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The cornerstone techniques you need to build and stick to a writing routine.

So you want to write a book. Awesome!

If you’ve made attempts already, I’m sure I don’t need to tell you that writing is hard work. I’ve written two books and countless articles, and it wasn’t, and still isn’t, easy.

I wrote my second book, Indistractable, about controlling your attention and choosing your life because I had such a hard time fighting distractions.

Indistractable is my living proof that you can write a book—even if your life is hectic and focusing seems impossible.

Committing to a writing routine is a challenge. But if writing a book is important to you, you have to make time for it.

Whether you’re a professional writer or aspiring to write your first book, these are the best tips and techniques for designing a writing routine and sticking to it.

Why Write?

Your writing routine is over before it begins if you don’t ask yourself this question: Why do you want to write a book?

The answer can’t be some vague thought, like “Oh, I’ve always wanted to,” or a manifestation to become famous or rich.

The only way you will commit to a writing routine is if writing a book fulfills one of your values. Our values are attributes of the person we want to be. By identifying our values, we can then determine the activities that help us fulfill them; those activities are known as traction.

If you feel compelled to write a book, chances are it fulfills your value of wanting to be creative, driven, ambitious, or curious. And if writing fulfills one of your values but you don’t make time for it, you’ll likely feel discomfort.

Renowned author Maya Angelou said, “There is no greater agony than bearing an untold story inside you.” I would argue that “agony” is the discomfort a person feels if they want to write but never follow through.

Your reason for writing a book has to be values-based because it is the foundation of your writing routine. There will likely be many doubt-filled moments along your writing journey that might convince you to quit. Having a clear values-based reason for why you’re doing it, such as wanting to nurture your creative side, will keep you on the path toward traction.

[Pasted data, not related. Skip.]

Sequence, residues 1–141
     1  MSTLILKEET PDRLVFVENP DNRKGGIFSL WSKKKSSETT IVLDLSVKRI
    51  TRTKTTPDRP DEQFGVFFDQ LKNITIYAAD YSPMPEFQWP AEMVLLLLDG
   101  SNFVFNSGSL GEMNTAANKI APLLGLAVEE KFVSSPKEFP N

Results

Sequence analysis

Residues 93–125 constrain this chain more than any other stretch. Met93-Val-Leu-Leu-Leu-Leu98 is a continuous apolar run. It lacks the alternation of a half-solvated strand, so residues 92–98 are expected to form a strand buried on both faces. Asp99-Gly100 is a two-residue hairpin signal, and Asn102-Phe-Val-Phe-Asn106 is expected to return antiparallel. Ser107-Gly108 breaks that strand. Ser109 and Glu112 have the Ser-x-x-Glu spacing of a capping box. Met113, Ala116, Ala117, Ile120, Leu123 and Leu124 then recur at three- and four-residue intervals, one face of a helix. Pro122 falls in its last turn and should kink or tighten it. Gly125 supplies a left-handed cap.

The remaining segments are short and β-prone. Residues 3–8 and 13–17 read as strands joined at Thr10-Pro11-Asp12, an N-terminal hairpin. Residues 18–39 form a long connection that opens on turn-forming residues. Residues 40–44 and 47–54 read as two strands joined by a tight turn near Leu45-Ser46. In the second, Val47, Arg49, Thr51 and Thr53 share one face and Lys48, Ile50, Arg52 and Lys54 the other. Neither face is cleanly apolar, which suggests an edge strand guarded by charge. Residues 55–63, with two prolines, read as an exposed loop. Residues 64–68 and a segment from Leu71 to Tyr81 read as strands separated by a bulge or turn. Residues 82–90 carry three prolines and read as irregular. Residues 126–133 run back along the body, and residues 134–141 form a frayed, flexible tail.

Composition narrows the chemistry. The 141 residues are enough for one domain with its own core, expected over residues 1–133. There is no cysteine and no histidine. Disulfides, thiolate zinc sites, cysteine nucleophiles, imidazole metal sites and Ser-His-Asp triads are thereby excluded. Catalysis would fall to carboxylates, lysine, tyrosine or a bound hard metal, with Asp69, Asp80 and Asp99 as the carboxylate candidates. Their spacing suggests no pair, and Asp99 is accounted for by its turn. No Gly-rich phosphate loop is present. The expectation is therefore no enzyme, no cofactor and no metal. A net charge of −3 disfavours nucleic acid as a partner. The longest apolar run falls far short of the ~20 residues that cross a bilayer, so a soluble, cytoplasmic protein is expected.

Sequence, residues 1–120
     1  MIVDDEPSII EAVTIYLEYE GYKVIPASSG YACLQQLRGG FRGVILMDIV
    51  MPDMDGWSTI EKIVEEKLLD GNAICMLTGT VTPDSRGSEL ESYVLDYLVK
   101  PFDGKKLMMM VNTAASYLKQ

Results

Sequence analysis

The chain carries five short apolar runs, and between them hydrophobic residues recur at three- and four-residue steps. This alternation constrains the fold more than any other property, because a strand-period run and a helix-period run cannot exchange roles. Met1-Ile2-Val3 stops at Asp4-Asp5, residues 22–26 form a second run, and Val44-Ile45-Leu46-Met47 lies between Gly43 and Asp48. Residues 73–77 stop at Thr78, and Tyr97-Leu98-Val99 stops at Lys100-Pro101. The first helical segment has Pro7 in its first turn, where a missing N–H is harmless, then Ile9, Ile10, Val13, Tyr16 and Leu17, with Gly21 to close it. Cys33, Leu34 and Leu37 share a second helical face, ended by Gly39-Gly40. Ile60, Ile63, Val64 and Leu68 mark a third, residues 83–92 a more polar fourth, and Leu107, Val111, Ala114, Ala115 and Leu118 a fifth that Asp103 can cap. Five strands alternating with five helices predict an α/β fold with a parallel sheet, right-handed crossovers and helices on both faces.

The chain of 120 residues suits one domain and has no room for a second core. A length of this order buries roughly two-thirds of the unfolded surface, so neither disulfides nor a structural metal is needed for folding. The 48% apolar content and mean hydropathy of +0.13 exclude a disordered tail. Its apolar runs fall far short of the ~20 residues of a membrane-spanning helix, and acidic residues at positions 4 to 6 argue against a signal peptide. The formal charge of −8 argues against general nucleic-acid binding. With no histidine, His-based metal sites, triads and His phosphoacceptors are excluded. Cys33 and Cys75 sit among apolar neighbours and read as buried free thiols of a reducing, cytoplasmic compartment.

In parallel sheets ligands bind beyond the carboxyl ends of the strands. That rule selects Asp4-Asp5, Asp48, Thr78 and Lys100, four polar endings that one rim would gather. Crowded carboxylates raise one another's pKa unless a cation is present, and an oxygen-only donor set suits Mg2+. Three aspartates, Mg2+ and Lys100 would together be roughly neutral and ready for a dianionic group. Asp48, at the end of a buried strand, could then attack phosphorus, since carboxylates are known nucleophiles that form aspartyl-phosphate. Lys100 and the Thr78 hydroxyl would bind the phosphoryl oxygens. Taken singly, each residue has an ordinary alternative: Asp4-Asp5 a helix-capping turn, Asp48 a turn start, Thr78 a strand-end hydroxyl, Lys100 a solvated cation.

Design a Writing Routine by Timeboxing

First things first: This post is about building a writing routine, not a writing habit, which doesn’t exist. A habit is a behavior that requires no conscious thought, and that is certainly not writing.

Many people seem drawn to the idea of a writing habit because they want to magically make writing effortless. But nothing is going to make writing easier. All you can do to get it done is make time for it.

How much time do you want to give to living out your values? Make it specific.

Whatever period of time you choose, block off that writing time in a timeboxed calendar to help you stay on schedule.

Timeboxing is a time management technique that blocks periods to work on distinct tasks without distraction. By timeboxing, you can get real about how much time you have for your writing routine in relation to your other tasks. It forces you to turn your values into time and prioritize which values are most important because there’s only so much time available each day.

Timeboxing also frees you from basing your progress on word count or the quality of your writing. Some days, getting words onto paper or the computer screen feels like prying each word out with pliers. Using timeboxing, traction isn’t measured by output. All that matters is that you show up to do what you said you would when you said you would without distraction.

Try my free schedule maker template to timebox your writing routine. Don’t worry about timeboxing every minute of your day for now. Just schedule your writing hours, and make sure you adhere to them. Then, schedule time to live out the other values in your life.

Make Your Writing Routine Impervious to Distraction

Being a writer requires creativity and tapping into the human creativity that comes from focusing intensely on the task at hand. To protect your writing routine, you have to learn to become Indistractable.

Get Comfortable with Discomfort

Internal triggers are negative feelings that cue us from within and drive us to seek relief through distraction. They are why you find yourself picking up your smartphone to scroll through Instagram when you should be focusing on a boring or challenging task.

Recently I spoke with a reader who has been writing her book for three years but lately has felt defeated by distraction. When I asked her to explain why, she said, “I’m afraid that once I write the last word, I have no control. It will start to live its own life.”

If there’s one thing I’ve learned by writing Hooked and Indistractable, it’s that writing, while sometimes fun, is also full of boredom, self-loathing, and self-doubt.

You’re likely going to doubt whether you’re capable of writing a book, to wonder whether it’s futile because people might not want to read it, and to start thinking your time would be better spent doing something else.